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      Diagnostic and prognostic performance of N-terminal ProBNP in primary care patients with suspected heart failure.

      Journal of Cardiac Failure
      Adult, Aged, Aged, 80 and over, Echocardiography, Female, Heart Failure, blood, diagnosis, ultrasonography, Humans, Male, Middle Aged, Natriuretic Peptide, Brain, analysis, Peptide Fragments, Predictive Value of Tests, Primary Health Care, methods, statistics & numerical data, Prognosis, ROC Curve, Sensitivity and Specificity, Stroke Volume, physiology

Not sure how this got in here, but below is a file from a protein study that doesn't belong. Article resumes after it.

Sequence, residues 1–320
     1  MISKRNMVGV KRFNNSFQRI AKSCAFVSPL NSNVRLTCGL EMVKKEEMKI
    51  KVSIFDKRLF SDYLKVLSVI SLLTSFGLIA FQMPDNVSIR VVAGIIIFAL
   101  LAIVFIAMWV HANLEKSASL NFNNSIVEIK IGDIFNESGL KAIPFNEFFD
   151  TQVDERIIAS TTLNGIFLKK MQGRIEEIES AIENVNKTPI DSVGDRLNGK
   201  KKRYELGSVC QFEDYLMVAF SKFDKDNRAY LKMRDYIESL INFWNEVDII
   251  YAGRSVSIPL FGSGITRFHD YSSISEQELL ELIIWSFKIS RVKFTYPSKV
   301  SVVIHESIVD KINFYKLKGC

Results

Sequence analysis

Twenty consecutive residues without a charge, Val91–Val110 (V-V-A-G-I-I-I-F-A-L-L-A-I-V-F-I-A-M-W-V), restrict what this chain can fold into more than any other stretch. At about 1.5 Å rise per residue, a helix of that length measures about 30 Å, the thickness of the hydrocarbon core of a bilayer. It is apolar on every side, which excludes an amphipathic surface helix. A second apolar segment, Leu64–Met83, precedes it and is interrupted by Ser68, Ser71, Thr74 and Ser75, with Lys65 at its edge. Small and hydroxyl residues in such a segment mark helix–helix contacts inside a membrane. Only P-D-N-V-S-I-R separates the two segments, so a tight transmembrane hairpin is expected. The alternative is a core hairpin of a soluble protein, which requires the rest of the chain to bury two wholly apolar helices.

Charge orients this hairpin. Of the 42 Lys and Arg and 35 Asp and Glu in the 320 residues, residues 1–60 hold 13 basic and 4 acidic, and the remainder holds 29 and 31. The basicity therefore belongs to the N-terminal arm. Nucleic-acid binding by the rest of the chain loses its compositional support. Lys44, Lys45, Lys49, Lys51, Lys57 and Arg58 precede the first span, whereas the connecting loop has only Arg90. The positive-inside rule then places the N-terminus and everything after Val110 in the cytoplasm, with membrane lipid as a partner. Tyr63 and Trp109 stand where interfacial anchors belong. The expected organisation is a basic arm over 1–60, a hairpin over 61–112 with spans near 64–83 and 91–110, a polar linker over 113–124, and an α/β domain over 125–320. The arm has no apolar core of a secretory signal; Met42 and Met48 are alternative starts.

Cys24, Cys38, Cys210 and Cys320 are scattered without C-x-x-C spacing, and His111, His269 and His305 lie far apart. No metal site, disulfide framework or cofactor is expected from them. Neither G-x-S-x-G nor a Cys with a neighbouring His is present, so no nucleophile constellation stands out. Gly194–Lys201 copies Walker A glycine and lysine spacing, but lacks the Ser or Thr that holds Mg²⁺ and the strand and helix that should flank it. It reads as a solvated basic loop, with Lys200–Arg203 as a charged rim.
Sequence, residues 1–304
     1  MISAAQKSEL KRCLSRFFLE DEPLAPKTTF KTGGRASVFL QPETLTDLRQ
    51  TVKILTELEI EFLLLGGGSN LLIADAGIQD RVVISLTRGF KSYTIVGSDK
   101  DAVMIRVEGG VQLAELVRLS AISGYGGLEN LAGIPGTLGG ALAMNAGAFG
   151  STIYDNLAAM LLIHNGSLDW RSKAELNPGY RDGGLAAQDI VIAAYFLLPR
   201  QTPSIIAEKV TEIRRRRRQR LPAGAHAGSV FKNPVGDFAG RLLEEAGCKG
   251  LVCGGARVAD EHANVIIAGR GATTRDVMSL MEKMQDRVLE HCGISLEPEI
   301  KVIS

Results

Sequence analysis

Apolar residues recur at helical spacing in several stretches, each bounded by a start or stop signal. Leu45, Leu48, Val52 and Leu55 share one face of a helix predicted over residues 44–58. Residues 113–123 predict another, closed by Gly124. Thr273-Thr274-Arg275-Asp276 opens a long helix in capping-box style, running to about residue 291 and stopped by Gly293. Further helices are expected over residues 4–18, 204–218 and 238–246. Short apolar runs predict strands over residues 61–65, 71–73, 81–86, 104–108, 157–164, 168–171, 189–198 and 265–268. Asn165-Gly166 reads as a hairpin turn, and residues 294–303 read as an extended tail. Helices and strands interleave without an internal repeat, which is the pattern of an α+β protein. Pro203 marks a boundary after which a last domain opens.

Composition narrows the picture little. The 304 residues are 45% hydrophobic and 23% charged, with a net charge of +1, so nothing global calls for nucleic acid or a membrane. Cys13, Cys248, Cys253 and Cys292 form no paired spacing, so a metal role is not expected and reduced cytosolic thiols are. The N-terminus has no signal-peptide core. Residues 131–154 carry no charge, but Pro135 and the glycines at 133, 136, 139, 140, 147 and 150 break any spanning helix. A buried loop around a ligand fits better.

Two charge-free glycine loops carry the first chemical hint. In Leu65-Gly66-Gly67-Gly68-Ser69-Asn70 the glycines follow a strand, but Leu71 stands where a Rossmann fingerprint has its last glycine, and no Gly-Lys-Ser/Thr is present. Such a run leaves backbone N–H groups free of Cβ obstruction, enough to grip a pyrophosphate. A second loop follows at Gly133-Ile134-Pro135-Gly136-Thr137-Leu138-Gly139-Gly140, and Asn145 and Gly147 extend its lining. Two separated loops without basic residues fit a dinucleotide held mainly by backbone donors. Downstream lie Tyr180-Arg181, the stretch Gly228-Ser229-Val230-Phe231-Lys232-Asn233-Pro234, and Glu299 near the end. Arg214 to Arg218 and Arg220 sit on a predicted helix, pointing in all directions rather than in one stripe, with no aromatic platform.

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          The value of N-terminal pro-brain natriuretic peptide (NT-proBNP) in terms of diagnosis and prognosis in congestive heart failure (CHF) and left ventricular systolic dysfunction (LVSD) has been demonstrated previously in various populations, but data on primary care patients are sparse. The aim of this study was to evaluate the diagnostic and prognostic performance of NT-proBNP in primary care patients with suspected CHF. Three hundred sixty-seven consecutive patients (mean age, 68.8 years; range, 39.0-84.0 years) who had been referred by their general practitioner for echocardiographic evaluation because of suspected CHF. In all patients, NT-proBNP was measured at baseline and left ventricular ejection fraction (LVEF) was estimated with echocardiography. LVSD (LVEF < or =0.40) was found in 9% of the patients. NT-proBNP was significantly higher in patients with LVSD (P < .0001). With predefined cut off values for NT-proBNP (125 pg/mL), the sensitivity, specificity, positive predictive value, and negative predictive value for the detection of LVSD were 0.97, 0.46, 0.15 and 0.99, respectively. Area under the receiver operating characteristic curve was 0.87. The application of an age-differentiated cut-off value for NT-proBNP (125 pg/mL for <75 years old and 450 pg/mL for > or =75 years old) did not increase diagnostic performance. Patients were followed for a median of 778 days; 8% of the patients died during the follow-up period. The mortality rate was higher in patients with NT-proBNP of >125 pg/mL than in patients with normal values (P < .002, log rank), and the difference persisted after controlling for age, gender, and LVEF (hazard ratio per unit increase in log NT-proBNP, 2.2; range, 1.2-4.1; P = .015). In primary care patients who were referred for echocardiography because of suspected CHF, NT-proBNP values <125 pg/mL effectively rule out LVSD. Furthermore low NT-proBNP values are associated with a lower risk of death, independently of age, gender, and LVEF.

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